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Traditional logo for U.S. News's medical school rankings is positioned next to a similar-looking logo that says "AI Rankings"

A physician has used AI to create a medical school rankings tool that allows the user to input their preferences as an alternative to traditional rankings.

Photo illustration by Justin Morrison/Inside Higher Ed | U.S. News & World Report

As the backlash against traditional college rankings continues to gain momentum, one physician has used artificial intelligence to create an alternative ranking system for prospective medical students.

Instead of relying on U.S. News and World Report’s widely recognized rankings, which consider factors such as medical schools’ research profiles, acceptance rates and the grades and test scores of their students, the new AI-powered ranking tool allows aspiring doctors to include—and choose the weight assigned to—numerous additional factors, such as diversity of students and cost of attendance.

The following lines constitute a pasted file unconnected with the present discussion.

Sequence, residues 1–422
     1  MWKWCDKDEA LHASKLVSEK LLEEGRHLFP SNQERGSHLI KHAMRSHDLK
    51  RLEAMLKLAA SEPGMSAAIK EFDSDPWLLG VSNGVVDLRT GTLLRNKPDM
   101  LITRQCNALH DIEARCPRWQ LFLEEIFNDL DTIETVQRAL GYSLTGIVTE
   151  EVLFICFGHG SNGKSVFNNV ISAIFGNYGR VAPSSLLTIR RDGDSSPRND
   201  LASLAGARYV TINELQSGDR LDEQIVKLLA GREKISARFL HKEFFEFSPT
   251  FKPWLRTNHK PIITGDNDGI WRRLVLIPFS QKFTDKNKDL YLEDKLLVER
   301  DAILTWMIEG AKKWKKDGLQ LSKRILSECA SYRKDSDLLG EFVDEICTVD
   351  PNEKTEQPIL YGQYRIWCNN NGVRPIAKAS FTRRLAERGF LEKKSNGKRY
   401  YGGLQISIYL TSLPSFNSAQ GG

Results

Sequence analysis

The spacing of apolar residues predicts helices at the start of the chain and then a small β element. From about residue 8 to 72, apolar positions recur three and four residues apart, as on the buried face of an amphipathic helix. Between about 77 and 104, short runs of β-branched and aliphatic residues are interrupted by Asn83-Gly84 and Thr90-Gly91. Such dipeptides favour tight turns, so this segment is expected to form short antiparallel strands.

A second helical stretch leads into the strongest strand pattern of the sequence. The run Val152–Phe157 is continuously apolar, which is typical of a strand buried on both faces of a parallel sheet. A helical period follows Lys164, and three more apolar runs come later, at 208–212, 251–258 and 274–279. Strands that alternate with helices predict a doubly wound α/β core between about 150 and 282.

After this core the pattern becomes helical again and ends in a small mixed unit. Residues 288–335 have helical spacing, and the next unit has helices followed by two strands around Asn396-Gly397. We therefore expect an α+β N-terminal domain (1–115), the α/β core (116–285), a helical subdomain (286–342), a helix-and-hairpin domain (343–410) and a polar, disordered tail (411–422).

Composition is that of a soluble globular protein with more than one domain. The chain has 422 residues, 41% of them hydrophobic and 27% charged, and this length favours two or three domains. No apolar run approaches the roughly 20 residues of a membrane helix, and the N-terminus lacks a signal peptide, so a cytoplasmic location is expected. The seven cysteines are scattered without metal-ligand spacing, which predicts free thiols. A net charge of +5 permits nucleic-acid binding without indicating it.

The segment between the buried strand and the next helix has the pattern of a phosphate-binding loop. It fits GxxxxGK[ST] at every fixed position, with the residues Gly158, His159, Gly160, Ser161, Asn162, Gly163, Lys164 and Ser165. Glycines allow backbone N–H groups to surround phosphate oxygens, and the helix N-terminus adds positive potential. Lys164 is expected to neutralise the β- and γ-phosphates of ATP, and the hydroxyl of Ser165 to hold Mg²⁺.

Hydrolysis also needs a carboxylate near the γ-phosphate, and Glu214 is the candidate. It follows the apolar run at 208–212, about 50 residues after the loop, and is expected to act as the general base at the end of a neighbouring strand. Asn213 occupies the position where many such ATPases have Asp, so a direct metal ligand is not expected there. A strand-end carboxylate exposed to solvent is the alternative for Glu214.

“I don’t necessarily think the U.S. News rankings are bad. The issue is that they reflect the specific vision of one group and one organization,” said Dr. Brandon Turner, a radiation oncology resident at Mass General Brigham in Boston who designed the alternative rankings tool. “I want to make it transparent what is actually being measured and for people to have the capacity to adjust for things they care about.”

Head shot of a young dark-skinned male physician with dark hair wearing a gray V-neck

Dr. Brandon Turner is a radiation oncology resident at Mass General Brigham in Boston.

Brandon Turner